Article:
New Saudi performance centre adds to top prince's powers

RIYADH (Reuters) - Hit by falling oil prices, Saudi Arabia has set up a new body that aims to improve the efficiency of government agencies while giving more influence to the powerful young Deputy Crown Prince Mohammad bin Salman.

The National Centre for Measuring the Performance of Government Agencies, which replaces an earlier oversight department appears to be part of a wider drive by the new King Salman to cut wastage in government.

The world's top oil exporter faces a budget deficit that economists estimate could total US$120 billion (S$166.3 billion) or more this year. This has led the Finance Ministry to close its national accounts a month early to control spending.

The new body was announced on Monday (Oct 19) in a Cabinet statement that also said a new committee had been set up to oversee real estate policy. It added that plans to tax unused land were being sent to the advisory Shura council for review, a sensitive subject in a country with a housing shortage.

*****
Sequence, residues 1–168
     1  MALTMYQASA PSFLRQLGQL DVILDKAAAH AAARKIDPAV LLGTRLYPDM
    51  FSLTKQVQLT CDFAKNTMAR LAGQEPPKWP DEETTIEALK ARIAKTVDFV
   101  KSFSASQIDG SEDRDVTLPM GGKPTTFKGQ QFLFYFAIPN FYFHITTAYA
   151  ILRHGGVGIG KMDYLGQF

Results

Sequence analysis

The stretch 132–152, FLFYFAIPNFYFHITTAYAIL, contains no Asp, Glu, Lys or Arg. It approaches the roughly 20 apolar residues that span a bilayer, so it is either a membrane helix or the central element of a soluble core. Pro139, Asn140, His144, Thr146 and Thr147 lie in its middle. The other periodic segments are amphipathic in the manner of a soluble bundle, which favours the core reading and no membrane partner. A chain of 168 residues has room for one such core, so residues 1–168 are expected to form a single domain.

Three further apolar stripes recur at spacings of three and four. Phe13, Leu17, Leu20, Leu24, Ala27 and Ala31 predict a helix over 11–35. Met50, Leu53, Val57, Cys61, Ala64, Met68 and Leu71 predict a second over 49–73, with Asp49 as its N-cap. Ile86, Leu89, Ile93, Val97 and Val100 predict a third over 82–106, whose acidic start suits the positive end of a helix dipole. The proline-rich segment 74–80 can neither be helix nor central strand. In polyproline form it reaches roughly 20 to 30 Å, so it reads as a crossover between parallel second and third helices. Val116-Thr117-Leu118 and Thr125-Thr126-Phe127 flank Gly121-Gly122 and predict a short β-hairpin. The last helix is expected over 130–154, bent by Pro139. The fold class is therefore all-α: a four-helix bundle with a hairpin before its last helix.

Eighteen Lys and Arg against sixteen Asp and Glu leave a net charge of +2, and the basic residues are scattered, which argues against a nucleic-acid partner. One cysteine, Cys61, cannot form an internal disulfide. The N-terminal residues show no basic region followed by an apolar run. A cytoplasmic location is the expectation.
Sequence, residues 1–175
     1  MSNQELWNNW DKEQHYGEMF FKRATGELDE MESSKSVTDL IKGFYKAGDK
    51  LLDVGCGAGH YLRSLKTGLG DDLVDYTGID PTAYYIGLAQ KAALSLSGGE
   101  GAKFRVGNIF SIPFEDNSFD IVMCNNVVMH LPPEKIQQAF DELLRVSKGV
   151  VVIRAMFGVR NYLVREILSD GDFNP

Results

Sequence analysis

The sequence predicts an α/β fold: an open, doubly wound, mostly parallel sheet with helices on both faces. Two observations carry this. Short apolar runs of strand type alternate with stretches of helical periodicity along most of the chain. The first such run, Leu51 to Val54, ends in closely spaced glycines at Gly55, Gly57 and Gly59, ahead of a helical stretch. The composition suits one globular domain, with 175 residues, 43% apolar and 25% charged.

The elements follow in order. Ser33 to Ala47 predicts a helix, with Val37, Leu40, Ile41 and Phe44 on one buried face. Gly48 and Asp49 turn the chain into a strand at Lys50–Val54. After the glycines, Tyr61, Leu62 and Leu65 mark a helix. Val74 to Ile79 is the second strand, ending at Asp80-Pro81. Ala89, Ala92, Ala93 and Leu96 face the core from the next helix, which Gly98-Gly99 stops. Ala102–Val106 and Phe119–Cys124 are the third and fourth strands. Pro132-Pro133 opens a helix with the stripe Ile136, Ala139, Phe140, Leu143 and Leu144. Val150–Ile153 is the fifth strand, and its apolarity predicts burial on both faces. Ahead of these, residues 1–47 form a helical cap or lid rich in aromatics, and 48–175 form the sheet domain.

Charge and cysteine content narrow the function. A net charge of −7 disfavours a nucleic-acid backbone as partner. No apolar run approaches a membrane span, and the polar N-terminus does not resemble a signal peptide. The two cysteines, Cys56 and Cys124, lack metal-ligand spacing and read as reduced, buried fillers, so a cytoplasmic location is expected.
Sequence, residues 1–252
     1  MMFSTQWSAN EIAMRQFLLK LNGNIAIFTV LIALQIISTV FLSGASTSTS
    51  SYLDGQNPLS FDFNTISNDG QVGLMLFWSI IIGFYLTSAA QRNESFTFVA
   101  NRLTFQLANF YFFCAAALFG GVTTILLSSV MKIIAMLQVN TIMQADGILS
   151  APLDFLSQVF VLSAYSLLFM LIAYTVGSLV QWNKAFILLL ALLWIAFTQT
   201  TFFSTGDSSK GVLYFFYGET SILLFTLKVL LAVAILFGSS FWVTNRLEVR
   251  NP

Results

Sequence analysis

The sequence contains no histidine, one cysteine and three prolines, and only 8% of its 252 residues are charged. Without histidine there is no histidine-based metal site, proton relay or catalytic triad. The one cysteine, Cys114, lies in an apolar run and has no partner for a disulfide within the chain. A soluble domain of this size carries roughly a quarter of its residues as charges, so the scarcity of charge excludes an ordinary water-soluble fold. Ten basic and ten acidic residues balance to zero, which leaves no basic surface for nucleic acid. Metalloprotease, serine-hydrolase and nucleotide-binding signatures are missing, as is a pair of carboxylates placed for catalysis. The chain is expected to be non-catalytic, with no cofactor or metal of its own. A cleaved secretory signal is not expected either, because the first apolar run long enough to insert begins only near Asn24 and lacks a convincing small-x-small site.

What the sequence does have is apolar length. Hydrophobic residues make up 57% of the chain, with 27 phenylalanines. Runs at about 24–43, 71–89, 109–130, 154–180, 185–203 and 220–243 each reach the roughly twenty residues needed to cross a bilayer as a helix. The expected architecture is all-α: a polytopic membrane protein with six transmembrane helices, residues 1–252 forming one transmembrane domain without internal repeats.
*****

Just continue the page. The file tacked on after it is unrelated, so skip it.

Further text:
After taking power in January, Salman abolished several governing councils that rarely met and replaced them with two supercommittees, one on the economy and another on security. These have become the engines of Riyadh policy making.

The new performance centre will be governed by a council headed by the deputy crown prince and including Economy & Planning Minister Adel Fakieh and former Capital Markets Authority chairman Mohammed Al al-Sheikh.

Prince Mohammed, who is second-in-line to rule, is also Saudi defence minister and head of the supercommittee on the economy. His new role heading the performance body could give him a degree of oversight across all government departments.

The young prince has enjoyed a dizzying accumulation of powers since his father became king and placed him in the line of succession ahead of dozens of cousins.

He is keen to overhaul the kingdom's entire structure of economic and development planning, Saudi insiders say, and has employed Western consulting firms to look at fresh reforms. Last week, the Cabinet agreed to set up a new jobs commission, also under his supercommittee.